This 4GB Texture Pack for Fallout 4 adds 4K textures for its landscapes

Modder ‘Spiffyskytrooper’ has released a brand new version of his Natural Landscapes mod for Fallout 4. Natural Landscapes is described as a mod that aims to bring high quality, realistic 4K textures to the landscapes of Fallout 4.

As the modder noted, Natural Landscapes aims to stay true to vanilla where it can, and replace/expand upon textures where there’s room for improvement. This basically means that this texture pack stays true to the vanilla aesthetic while expanding where there isn’t much.

“For example, fallen leaf pile textures will be just that, fallen leaf piles, but the vague, brown mess that was the blasted forest floors is now dirt covered with forest debris like twigs, stones, and leaves. With this mod, I tried to make the textures not look too strong, or noisy. Nearly all of the textures in the ‘Landscapes/Ground’ folder have been replaced, with the exception of a few. The pre-war textures are unchanged, mainly because it’s such a small segment it would be hardly noticed. Trash debris is unchanged, also because it’s not largely used and wouldn’t be all that noticed either.”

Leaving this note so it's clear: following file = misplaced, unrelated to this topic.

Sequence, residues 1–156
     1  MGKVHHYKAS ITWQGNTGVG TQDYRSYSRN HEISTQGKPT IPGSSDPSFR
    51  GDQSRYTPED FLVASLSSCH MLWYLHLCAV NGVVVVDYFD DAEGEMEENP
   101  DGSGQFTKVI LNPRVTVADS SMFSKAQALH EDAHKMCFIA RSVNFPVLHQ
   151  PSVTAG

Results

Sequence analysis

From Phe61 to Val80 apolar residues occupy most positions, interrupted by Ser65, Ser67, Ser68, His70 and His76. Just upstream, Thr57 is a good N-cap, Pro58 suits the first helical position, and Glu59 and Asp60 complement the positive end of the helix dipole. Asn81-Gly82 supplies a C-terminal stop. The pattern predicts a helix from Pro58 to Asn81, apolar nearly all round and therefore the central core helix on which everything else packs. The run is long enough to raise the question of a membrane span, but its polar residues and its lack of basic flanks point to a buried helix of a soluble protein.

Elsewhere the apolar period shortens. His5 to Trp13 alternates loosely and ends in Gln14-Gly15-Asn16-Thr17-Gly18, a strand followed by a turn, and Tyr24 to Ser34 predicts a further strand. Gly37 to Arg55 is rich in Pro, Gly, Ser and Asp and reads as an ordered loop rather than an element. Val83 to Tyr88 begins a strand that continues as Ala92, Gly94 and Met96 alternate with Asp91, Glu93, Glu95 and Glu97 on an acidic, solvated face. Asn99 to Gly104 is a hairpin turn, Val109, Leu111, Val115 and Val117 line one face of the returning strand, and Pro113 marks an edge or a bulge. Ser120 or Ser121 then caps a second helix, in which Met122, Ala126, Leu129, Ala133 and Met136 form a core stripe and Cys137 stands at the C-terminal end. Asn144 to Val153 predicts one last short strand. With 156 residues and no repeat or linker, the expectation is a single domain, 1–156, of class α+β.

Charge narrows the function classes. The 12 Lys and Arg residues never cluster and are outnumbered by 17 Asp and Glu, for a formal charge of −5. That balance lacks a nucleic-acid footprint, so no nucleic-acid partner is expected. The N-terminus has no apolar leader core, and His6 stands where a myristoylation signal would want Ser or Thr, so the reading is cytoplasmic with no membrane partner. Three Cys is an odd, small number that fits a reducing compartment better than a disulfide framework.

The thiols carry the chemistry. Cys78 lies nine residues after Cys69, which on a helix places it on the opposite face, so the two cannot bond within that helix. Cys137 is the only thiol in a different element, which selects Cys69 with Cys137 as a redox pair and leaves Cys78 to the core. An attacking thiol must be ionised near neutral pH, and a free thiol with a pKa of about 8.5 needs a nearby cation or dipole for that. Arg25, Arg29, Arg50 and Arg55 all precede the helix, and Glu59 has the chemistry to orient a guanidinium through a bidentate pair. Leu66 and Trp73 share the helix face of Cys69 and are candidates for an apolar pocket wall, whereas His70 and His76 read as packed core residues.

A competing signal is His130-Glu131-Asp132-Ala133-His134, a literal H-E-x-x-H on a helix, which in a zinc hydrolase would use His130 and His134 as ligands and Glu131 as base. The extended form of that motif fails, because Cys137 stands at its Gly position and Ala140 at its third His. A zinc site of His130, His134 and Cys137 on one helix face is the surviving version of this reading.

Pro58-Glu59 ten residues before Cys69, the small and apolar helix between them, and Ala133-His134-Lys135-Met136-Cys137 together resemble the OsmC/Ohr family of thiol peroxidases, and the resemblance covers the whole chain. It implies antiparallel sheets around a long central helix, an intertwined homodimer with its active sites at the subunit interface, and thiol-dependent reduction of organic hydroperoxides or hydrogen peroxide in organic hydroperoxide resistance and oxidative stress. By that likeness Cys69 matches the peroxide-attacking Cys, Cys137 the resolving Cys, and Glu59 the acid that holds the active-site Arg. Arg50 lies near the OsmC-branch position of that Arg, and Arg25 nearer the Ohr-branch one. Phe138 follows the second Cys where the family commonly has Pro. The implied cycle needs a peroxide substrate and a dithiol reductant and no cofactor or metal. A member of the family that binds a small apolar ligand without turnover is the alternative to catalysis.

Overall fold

Those interested can download this 4K texture pack from here (it also comes in a 2K version). All you have to do in order to install this mod is drag the contents of the mod into your Fallout 4 folder.

In order to showcase some of the new 4K textures, Spiffyskytrooper released some screenshots that you can find below.

Enjoy!

John Papadopoulos

John is the founder and Editor in Chief at DSOGaming. He is a PC gaming fan and highly supports the modding and indie communities.Before creating DSOGaming, John worked on numerous gaming websites. While he is a die-hard PC gamer, his gaming roots can be found on consoles. John loved - and still does - the 16-bit consoles, and considers SNES to be one of the best consoles. Still, the PC platform won him over consoles. That was mainly due to 3DFX and its iconic dedicated 3D accelerator graphics card, Voodoo 2. John has also written a higher degree thesis on the "The Evolution of PC graphics cards." Contact: Email